So Jennifer Bartz is a new name to pretty much everyone, plus this is Grenache so there’s that…..those that have been wine club members for a while understand my appreciation for the varietal, especially on California’s Central Coast.

A few things.  First, I thought the name was a good one.  Largely it makes me consider what we were doing as a family at this time last year, a crawling baby around the park and beach isn’t necessarily as much as it sounds.  Additionally, the bottle made me consider that summer’s suppose to be warm and the one thing that I am always reminded of living in the Bay Area, on this side of the hill in the east bay, near the Bay and the city of SF, it’s foggy and cold until 2pm or so when it finally burns off.  Growing up in San Diego, the utter lack of warm sun along with decent beaches, is something to deal with.  Of course, it’s also exasperating that so many in the Bay Area don’t realize how much worse their beaches are.  After all, this isn’t sand:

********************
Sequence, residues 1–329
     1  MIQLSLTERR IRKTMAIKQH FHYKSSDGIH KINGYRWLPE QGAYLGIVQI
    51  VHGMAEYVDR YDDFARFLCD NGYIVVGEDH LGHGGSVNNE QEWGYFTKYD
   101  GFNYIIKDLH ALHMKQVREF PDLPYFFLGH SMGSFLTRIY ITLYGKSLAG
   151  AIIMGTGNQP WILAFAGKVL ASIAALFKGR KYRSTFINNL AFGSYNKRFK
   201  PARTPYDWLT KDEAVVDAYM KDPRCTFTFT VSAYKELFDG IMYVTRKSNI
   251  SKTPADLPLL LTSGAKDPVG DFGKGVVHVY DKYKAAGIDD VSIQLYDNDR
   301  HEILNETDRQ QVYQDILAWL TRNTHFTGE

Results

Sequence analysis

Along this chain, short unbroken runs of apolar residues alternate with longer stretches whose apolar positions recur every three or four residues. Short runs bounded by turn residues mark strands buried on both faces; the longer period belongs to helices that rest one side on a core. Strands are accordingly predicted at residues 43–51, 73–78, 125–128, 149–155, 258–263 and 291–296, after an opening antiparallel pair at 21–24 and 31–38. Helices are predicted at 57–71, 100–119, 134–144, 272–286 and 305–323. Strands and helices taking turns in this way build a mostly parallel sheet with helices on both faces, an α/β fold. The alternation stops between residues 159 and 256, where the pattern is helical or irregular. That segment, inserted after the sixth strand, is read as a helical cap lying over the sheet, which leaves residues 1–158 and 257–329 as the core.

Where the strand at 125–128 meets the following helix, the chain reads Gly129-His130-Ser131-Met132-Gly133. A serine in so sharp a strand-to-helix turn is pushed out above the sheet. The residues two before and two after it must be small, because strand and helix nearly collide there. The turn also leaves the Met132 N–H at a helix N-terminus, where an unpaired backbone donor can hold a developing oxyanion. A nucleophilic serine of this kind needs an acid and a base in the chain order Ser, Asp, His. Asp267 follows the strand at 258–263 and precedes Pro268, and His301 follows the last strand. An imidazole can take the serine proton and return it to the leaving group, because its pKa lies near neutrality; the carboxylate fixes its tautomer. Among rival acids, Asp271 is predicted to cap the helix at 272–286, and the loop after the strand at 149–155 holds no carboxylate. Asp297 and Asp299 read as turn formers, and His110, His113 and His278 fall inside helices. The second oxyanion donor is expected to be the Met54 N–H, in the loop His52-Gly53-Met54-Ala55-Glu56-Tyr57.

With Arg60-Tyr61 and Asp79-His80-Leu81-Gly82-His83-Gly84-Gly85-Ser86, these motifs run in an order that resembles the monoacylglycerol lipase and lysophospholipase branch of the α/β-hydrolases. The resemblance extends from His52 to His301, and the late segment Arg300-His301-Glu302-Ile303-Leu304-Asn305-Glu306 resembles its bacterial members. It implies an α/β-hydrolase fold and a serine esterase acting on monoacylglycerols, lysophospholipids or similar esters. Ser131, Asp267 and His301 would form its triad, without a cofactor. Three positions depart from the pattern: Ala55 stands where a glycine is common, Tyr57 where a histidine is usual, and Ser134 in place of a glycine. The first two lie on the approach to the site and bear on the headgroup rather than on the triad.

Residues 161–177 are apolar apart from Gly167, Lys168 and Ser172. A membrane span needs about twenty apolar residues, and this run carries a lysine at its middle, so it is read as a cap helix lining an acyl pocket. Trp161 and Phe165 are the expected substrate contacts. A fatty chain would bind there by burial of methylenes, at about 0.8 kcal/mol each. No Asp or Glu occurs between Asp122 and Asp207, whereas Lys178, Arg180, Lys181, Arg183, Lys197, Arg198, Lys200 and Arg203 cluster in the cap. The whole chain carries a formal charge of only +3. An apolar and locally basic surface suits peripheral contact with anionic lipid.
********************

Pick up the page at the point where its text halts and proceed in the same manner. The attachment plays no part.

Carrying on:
This isn't sandSo about this wine.  Yes, it’s Grenache and this fits quite a few stereotypes happening on the Central Coast.  There’s perhaps a few good reasons for it, but the Central Coast has long been home to a larger number of female winemakers than has the state as a whole.  Let’s be clear, the lack of women in winemaking jobs is a major issue that the industry needs to deal with, the utter lack of minorities is another major issue.  Frankly, having too many people with the same background doesn’t lead to the diversity of choices and flavor profiles from winemaking choices that many of us might like. To put the whole thing in perspective, about 10% of winemakers in California are female.  But, Santa Barbara, depending on whom you ask, is somewhere between 20-30%. Still too low of course, but it’s a start.